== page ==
By now I think we've all had it up to here with people who complain about the weather. This has been a wet summer.
The locals used to say “if you don't like the weather, go back to where you came from,“ except in this case it's mostly the locals doing the complaining. Meanwhile visiting foreigners, Californians, New Yorkers and such, think our weather is a tree-shaded paradise on earth where you can sit outside at night without melting into a puddle of sweat on the pavement. Many tourists have come here to escape a national heat wave that's turning our bread basket into a dust bowl.
“Got rain gear?” I ask the tourists just to mess with them. It's a shock to victims of heat prostration, dehydration and other medical terms I can't pronounce. Rain gear is the last thing tourists think of when they visit the rainforest.
Some tourists mistakenly think they have rain gear. Usually it's a thin plastic poncho that gets ripped when you try to put it on.
Around here if ain't rubberized, it ain't rain gear. That doesn't mean you won't get wet if you have good rain gear. If you move at all you're going to sweat inside a rubber suit. The fact is you are going to get wet.
The trick is not to care. Just remember that you are mostly water. Experts tell us to drink eight glasses of the stuff a day but who has time? It's much easier to just get rained on and soak the minimum daily requiment through your hide.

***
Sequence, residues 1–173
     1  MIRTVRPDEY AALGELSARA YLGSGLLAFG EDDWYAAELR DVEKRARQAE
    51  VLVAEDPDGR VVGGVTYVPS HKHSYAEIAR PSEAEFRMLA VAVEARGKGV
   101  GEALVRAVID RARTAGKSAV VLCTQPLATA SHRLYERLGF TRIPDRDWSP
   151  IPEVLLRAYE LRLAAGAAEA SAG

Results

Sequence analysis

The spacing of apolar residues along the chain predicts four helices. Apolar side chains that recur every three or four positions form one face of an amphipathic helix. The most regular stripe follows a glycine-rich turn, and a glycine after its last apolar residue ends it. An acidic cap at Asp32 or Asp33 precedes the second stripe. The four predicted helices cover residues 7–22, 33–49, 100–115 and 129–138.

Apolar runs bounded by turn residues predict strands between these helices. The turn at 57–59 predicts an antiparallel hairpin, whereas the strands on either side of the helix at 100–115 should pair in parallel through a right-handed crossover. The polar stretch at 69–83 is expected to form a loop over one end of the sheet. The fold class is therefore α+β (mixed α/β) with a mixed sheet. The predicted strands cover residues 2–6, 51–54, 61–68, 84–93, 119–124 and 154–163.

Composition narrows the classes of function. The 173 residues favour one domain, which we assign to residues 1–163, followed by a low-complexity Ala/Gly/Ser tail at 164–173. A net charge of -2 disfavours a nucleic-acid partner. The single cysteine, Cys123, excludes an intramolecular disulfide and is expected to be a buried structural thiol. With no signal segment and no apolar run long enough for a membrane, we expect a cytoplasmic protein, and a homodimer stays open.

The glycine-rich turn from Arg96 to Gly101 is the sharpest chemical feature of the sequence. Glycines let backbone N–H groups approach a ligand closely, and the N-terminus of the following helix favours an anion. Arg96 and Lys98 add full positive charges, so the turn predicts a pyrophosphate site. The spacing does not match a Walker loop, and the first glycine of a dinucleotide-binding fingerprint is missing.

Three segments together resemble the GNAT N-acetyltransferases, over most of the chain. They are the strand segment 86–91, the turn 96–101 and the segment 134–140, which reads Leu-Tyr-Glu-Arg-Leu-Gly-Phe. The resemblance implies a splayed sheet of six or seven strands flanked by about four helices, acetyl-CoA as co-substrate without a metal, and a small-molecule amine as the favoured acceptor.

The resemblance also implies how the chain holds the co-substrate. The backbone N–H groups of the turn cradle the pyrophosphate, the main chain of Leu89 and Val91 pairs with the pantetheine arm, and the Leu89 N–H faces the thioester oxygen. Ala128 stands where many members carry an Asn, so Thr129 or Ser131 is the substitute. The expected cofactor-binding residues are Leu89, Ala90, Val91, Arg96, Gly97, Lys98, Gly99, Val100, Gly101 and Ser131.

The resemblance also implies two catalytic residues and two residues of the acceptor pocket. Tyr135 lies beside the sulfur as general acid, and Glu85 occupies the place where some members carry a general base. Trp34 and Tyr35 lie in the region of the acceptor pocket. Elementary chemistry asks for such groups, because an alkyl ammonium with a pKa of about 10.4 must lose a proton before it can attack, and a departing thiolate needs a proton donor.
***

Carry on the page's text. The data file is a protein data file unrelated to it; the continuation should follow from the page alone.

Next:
Rain is good for you in many ways that researchers are only beginning to explore.
There's no finer example of the healing, restorative qualities of our damp climate than to drive through a flooded campground full of soggy tourists early some morning after a heavy downpour.
A night in a leaky tent can transform heat stroke patients into hypothermia victims. This can heal relationships by drawing people in the pits of a vacation grudge, closer to the fire in an attempt to get warm.
Inevitably, the tourists decide they can't take the rain any more. They return to their sun- baked existence with a new appreciation for sweltering, enabling us to accomplish one of the major goals of the tourist industry, getting them to leave.
Incredibly, people who live here sometimes complain about the rain. They say it's been raining so hard “you can't do nothing.” Not true.
When it's raining too hard to mow the lawn, weed the garden or unclog the septic tank it's a perfect time to do nothing. The fact is that in our modern society of labor-saving this and time-saving that, we often don't have time to do nothing. This is unfortunate.
Scientists are only now discovering the health benefits of doing nothing. Studies have shown it can lower your heart rate, respiration and blood pressure. It's a good way to avoid exposure to the sun's harmful rays.
Nobody ever heard of anyone getting a fog-burn or having a suspicious growth cut out because it was raining, no.
The rain tends to keep people safely indoors doing nothing. It does not require energy which makes doing nothing an affordable, sustainable, environmentally responsible activity the whole family can enjoy. Even better, our politicians haven't dreamed up a permit for doing nothing.
Every cloud has a silver lining and the rain gives us all a chance to do nothing. If you do nothing else this summer join the millions of others who are already doing nothing.
There's nothing like it.